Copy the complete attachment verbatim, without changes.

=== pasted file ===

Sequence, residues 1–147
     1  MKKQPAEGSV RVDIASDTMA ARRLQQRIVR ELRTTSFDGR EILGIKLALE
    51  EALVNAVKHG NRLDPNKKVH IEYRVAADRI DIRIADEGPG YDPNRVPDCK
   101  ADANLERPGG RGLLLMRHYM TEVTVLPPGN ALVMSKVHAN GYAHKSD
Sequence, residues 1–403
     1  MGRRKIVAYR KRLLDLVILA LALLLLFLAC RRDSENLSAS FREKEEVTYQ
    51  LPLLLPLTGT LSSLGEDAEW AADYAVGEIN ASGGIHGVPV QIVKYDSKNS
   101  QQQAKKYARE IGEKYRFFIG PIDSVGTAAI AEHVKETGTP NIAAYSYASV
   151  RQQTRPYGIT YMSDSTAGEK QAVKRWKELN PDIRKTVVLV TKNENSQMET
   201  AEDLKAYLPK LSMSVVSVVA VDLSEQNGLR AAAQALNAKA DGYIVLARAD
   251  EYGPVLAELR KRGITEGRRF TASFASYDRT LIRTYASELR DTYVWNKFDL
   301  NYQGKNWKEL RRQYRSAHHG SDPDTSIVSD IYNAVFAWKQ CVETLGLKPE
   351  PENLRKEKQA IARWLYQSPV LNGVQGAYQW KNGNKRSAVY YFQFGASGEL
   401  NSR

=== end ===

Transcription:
Sequence, residues 1–147
     1  MKKQPAEGSV RVDIASDTMA ARRLQQRIVR ELRTTSFDGR EILGIKLALE
    51  EALVNAVKHG NRLDPNKKVH IEYRVAADRI DIRIADEGPG YDPNRVPDCK
   101  ADANLERPGG RGLLLMRHYM TEVTVLPPGN ALVMSKVHAN GYAHKSD
Sequence, residues 1–403
     1  MGRRKIVAYR KRLLDLVILA LALLLLFLAC RRDSENLSAS FREKEEVTYQ
    51  LPLLLPLTGT LSSLGEDAEW AADYAVGEIN ASGGIHGVPV QIVKYDSKNS
   101  QQQAKKYARE IGEKYRFFIG PIDSVGTAAI AEHVKETGTP NIAAYSYASV
   151  RQQTRPYGIT YMSDSTAGEK QAVKRWKELN PDIRKTVVLV TKNENSQMET
   201  AEDLKAYLPK LSMSVVSVVA VDLSEQNGLR AAAQALNAKA DGYIVLARAD
   251  EYGPVLAELR KRGITEGRRF TASFASYDRT LIRTYASELR DTYVWNKFDL
   301  NYQGKNWKEL RRQYRSAHHG SDPDTSIVSD IYNAVFAWKQ CVETLGLKPE
   351  PENLRKEKQA IARWLYQSPV LNGVQGAYQW KNGNKRSAVY YFQFGASGEL
   401  NSR